And I love bananas BTW.

    • Rachel

      Sandy
      It sounds like your mini loaf pans were smaller than the ones pictured. Next time, don’t over fill them and you should be fine.

    • http://unttld.com/ Derek K

      I’d agree with Abigail & Sandy. Sounds like you’ve got super mini loaf pans. If that’s the size you’ve got, fine, just means you can end up with lots more loafs.

      :)

  • http://www.abcddesign.com ABC Dragoo

    Oh, I love bananas! With my irish oatmeal in the morning, as a snack and YES, most of all… I LOVE them in banana bread.

    My mom has been making the same recipe since I was a girl – and now I make it as an adult whenever I happen to have 3 bananas around that didn’t get gobbled up. I just recently posted my recipe on EAD Living: http://www.elizabethannedesigns.com/living/2010/03/04/abcds-banana-bread-recipe/ check it out — I am going to use your inspiration and instead of the walnuts use chocolate chips –!–

  • Violet

    I make this from time to time, but no matter what I do, I get the same result; the chocolate chips sink to the bottom and stick to the pan, ruining the cake. Tried chilling the batter, dusting the chips, pouring them on top before baking. The second the batter warms up, the chips fall right to the bottom.

  • http://www.thedeliciouslife.com Sarah J. Gim

    violet: you might need to use mini chocolate chips. perhaps the regular sized ones are too big?

  • Violet

    Might be. Wasn’t aware there was that big of a difference, but guess there is. Forgot to say thank you for the recipe. :)

  • Monica in Arizona

    Hi all, this was fun reading the comments …. minus the unnecessary rude and crude comments. There are other more appropriate web sites for such crass commentary.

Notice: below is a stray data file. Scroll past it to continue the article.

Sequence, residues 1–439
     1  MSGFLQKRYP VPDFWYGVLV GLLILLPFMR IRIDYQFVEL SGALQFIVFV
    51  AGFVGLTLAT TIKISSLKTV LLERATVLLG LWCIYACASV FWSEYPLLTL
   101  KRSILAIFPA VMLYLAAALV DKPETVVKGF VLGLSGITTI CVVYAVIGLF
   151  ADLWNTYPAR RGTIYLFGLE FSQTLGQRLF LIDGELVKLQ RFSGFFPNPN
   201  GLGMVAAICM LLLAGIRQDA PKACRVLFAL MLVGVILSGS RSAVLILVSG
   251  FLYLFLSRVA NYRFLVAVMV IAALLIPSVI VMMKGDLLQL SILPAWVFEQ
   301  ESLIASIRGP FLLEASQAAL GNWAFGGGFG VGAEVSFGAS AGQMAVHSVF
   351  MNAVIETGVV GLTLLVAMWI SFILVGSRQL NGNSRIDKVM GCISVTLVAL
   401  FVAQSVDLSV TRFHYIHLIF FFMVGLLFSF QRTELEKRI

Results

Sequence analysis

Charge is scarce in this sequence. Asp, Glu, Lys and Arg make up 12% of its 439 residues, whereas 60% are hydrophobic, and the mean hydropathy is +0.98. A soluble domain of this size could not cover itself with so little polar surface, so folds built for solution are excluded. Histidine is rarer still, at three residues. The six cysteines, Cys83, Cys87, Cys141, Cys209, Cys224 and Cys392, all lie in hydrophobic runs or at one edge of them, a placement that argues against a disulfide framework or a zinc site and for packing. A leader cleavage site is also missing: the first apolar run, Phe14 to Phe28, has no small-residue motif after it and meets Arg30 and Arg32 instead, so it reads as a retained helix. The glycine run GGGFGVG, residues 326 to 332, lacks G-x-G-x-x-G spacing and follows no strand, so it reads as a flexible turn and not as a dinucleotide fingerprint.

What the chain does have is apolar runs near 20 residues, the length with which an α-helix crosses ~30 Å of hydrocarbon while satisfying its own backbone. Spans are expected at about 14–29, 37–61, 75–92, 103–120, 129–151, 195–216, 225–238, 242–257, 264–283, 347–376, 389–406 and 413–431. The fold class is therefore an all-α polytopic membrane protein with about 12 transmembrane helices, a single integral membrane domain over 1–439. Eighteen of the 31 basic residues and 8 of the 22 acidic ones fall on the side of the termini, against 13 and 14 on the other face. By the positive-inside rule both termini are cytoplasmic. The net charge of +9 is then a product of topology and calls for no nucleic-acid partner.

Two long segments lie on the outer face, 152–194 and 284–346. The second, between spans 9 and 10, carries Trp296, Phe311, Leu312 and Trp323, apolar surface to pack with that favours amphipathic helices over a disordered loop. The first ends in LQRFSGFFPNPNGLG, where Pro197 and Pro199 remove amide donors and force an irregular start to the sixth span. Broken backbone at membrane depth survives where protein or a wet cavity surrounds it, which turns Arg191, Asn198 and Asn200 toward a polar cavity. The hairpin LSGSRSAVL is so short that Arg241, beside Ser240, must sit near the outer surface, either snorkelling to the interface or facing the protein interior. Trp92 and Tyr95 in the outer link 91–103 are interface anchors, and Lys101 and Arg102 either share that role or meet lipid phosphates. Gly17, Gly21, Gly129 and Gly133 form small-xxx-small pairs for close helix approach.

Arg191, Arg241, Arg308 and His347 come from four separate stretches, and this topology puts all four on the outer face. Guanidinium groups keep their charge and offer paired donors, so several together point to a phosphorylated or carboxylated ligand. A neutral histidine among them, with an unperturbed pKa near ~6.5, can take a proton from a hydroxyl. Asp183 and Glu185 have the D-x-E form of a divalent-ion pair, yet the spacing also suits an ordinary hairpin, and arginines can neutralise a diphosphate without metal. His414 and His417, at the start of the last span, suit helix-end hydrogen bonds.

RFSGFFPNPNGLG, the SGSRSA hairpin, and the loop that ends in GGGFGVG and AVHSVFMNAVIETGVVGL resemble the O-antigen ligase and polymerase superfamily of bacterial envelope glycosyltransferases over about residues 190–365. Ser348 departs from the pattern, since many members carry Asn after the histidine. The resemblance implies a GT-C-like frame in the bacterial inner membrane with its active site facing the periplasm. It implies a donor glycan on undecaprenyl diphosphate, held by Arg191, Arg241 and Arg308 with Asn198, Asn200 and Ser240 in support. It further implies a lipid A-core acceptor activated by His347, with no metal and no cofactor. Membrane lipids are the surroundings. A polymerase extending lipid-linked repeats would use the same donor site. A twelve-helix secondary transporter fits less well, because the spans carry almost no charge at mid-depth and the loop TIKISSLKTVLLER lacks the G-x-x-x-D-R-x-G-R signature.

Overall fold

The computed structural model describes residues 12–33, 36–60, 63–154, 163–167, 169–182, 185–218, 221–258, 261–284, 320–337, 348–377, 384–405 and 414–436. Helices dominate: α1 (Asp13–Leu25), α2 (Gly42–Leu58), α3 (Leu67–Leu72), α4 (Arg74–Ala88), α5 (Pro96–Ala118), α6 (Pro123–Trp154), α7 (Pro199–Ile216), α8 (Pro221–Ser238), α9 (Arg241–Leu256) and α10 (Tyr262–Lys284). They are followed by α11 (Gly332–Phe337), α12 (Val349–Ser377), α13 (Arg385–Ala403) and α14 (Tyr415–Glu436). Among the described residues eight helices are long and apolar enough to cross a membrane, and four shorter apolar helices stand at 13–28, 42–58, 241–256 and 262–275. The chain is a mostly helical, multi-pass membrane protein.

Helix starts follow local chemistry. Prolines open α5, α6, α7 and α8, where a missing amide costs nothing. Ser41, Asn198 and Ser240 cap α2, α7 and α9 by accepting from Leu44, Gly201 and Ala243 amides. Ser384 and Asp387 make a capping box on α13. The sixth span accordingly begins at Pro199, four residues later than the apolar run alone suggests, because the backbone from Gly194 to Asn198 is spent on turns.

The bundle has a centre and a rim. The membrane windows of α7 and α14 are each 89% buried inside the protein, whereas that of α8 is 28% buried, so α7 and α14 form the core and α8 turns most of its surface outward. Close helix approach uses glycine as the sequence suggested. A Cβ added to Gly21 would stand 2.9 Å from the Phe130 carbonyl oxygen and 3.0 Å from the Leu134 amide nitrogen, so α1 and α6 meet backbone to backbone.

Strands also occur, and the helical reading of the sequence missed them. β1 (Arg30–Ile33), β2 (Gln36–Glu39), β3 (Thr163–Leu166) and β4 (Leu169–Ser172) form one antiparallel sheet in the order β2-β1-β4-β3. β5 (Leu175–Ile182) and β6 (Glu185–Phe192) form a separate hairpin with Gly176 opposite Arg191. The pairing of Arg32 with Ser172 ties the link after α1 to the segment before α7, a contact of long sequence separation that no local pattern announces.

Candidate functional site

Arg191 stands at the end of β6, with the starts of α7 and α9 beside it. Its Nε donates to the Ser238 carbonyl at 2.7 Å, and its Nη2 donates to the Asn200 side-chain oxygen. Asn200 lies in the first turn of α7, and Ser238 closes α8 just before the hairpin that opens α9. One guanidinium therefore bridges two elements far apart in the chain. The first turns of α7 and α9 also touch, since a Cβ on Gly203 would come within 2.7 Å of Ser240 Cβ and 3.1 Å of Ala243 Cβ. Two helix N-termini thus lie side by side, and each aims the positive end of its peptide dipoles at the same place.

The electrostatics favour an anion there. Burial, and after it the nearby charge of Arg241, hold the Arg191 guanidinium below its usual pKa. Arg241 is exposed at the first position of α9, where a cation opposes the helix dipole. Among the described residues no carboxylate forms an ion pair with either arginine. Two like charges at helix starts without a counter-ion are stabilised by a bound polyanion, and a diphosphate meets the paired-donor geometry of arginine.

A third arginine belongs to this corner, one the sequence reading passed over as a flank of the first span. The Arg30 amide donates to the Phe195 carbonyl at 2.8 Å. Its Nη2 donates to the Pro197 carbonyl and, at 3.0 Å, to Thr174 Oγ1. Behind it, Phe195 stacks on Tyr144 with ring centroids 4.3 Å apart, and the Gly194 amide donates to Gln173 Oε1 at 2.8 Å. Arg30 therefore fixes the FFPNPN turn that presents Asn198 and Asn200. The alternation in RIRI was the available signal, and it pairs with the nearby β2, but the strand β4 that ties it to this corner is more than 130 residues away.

Ok a few comments, the sinking of the chocolate chips could possibly be alleviated if the chips were tossed with a bit of the flour to coat them and for sure use the mini’s.

    Those of you who would like to reduce the fat and NOT affect the taste or texture try using Lecithin. Lecithin can be a valuable supplement to support cardiovascular health, circulatory health, and proper nervous system function. I use it in all my bread baking and any other baking I do. You use it in the same measurement as recipe calls for, cup for cup.

    Thank you for your blog Sarah. Did you see the movie JULIA CHILD it was about a woman that was blogging Julia Child through her iconic cookbook? How is it working for you?

    Make it a good day

  • Autumn

    We often buy bananas, as they are great on-the-go snacks for my 4 & 5 year olds…but…somehow we never get them used up as fast as we should…so..when the bananas start to turn too brown, I throw them into the freezer. Whole, not peeled or anything…and after a couple of months, my son will open the freezer and notice 4-5 in the door and yell “Mom..time to make banana bread”!..(to thaw, just put in a large bowl in the refrigerator over night, or until thawed) ..they are also really easy to ‘peel’..you just split open one end, and it slides right out, and mashes very easily!!..(my family has done this for many generations!)